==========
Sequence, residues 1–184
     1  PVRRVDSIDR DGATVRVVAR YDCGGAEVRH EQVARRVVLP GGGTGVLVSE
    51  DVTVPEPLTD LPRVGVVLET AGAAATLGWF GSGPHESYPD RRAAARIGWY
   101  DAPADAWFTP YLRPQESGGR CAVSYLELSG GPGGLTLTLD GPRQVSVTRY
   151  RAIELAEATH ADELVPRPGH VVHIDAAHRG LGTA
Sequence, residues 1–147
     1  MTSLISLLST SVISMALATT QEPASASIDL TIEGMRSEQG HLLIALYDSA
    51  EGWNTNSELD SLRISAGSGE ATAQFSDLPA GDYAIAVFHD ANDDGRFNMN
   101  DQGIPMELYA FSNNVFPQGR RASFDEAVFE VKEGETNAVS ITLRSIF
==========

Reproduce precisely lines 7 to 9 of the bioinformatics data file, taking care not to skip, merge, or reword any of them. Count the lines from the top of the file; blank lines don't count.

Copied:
     1  MTSLISLLST SVISMALATT QEPASASIDL TIEGMRSEQG HLLIALYDSA
    51  EGWNTNSELD SLRISAGSGE ATAQFSDLPA GDYAIAVFHD ANDDGRFNMN
   101  DQGIPMELYA FSNNVFPQGR RASFDEAVFE VKEGETNAVS ITLRSIF